Mao Badges and Rocket Parts
- Balzac and the Little Chinese Seamstress by Dai Sijie, translated by Ina Rilke
Chatto, 208 pp, £10.00, June 2001, ISBN 0 7011 6982 6
- The Drink and Dream Teahouse by Justin Hill
Weidenfeld, 344 pp, £12.99, March 2001, ISBN 0 297 64697 4
It was said that The Little Red Book had ‘supplied the breath of life to soldiers gasping in the thin air of the Tibetan plateau; enabled workers to raise the sinking city of Shanghai three-quarters of an inch; inspired a million people to subdue a tidal wave in 1969, a group of housewives to reinvent shoe polish, and surgeons to sew back severed fingers and remove a 99 pound tumour as big as a football’. Mao and his men rated the power of words higher than most, and this may explain why they went to such lengths to suppress non-aligned literature in China. From the early 1960s until the mid-1980s almost all Western books were prohibited and the printing presses clattered away producing agitprop: multi-volume hagiographies of Enver Hoxha and Stalin, tendentious political parables and the fiction of pre-1949 Chinese writers such as Lu Xun in editions that provided the correct ideological spin.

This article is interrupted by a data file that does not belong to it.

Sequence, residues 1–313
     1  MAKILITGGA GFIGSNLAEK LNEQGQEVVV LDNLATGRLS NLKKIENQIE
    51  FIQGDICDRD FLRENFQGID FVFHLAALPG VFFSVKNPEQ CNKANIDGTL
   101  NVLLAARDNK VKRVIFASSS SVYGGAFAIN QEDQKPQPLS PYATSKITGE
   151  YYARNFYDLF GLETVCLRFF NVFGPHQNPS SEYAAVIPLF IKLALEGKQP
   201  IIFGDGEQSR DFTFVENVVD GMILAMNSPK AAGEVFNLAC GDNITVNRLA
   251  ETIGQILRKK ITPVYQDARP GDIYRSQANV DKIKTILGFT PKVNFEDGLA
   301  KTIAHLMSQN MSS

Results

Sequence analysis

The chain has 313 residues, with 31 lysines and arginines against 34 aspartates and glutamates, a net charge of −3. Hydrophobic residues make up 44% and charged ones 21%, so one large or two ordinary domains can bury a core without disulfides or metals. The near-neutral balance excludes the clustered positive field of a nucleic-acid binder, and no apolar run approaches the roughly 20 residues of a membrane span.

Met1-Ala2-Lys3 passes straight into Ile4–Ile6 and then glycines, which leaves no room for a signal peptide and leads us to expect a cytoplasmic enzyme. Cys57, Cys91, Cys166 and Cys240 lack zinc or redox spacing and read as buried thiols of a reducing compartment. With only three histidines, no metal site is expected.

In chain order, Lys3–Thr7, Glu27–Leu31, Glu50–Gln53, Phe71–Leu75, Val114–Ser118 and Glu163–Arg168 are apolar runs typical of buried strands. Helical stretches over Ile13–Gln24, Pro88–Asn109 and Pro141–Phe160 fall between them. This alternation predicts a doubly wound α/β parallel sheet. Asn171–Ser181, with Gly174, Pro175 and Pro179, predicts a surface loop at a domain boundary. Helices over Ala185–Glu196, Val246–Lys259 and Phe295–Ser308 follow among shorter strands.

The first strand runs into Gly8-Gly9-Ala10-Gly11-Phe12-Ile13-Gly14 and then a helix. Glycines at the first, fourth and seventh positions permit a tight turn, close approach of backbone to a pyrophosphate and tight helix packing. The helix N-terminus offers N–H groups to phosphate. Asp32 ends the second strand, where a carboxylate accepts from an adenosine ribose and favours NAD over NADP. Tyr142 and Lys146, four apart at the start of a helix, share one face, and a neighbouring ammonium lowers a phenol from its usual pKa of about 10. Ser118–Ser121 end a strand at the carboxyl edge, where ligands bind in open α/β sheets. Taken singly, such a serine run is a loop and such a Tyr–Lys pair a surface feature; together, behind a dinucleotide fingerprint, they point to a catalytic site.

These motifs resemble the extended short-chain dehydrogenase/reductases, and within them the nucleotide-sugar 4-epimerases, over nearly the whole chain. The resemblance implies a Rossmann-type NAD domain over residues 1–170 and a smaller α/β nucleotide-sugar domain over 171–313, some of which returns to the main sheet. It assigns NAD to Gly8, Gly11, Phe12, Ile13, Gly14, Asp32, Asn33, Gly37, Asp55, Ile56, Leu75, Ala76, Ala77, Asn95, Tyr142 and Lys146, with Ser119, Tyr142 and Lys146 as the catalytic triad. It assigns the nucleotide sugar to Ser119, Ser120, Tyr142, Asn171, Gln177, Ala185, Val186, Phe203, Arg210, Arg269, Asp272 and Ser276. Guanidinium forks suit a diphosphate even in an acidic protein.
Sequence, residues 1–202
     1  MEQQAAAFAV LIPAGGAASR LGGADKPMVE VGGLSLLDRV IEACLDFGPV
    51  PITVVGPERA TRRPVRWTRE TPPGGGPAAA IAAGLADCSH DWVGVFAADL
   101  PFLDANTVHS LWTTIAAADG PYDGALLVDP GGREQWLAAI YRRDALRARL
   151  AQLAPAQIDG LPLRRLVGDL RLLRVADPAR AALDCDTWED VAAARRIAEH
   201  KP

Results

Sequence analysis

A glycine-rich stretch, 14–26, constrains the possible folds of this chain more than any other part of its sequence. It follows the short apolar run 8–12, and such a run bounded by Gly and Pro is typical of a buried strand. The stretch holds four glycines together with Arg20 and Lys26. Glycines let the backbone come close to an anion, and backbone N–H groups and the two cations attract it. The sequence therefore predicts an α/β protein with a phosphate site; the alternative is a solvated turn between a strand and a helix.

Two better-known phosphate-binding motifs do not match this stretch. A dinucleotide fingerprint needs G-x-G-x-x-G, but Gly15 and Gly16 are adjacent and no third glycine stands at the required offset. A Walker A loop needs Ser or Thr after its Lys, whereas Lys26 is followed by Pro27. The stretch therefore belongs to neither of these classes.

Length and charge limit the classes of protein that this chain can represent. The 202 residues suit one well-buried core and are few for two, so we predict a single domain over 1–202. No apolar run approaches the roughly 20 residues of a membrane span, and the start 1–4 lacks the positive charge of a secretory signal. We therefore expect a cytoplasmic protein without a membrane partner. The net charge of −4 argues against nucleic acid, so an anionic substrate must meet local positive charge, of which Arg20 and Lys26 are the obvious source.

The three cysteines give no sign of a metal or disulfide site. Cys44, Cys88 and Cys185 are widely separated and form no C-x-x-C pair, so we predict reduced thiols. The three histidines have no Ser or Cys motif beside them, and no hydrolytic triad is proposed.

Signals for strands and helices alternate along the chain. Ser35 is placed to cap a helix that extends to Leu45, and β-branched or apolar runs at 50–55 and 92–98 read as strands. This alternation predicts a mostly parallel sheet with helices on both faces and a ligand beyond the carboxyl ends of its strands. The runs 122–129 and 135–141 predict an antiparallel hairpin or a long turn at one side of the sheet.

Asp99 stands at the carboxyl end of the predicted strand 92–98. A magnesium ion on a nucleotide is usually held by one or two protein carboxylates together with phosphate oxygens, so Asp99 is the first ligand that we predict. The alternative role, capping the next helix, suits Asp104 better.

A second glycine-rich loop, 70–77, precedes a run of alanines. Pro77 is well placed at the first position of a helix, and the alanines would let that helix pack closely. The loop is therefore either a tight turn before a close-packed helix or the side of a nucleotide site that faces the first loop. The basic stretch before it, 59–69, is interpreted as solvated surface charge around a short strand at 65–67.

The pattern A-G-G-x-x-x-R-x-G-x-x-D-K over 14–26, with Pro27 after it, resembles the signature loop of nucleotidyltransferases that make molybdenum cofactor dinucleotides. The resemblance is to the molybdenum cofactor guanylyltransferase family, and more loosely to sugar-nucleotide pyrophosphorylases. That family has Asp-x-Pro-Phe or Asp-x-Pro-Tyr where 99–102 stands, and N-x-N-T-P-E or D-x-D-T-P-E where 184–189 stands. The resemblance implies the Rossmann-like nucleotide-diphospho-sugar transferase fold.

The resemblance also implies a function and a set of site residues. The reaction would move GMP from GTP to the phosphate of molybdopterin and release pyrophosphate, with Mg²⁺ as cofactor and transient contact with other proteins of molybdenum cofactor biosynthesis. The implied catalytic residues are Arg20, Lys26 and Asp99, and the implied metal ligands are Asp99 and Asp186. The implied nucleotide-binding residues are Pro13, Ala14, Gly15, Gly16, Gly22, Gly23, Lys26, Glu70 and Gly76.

The full text of this book review is only available to subscribers of the London Review of Books.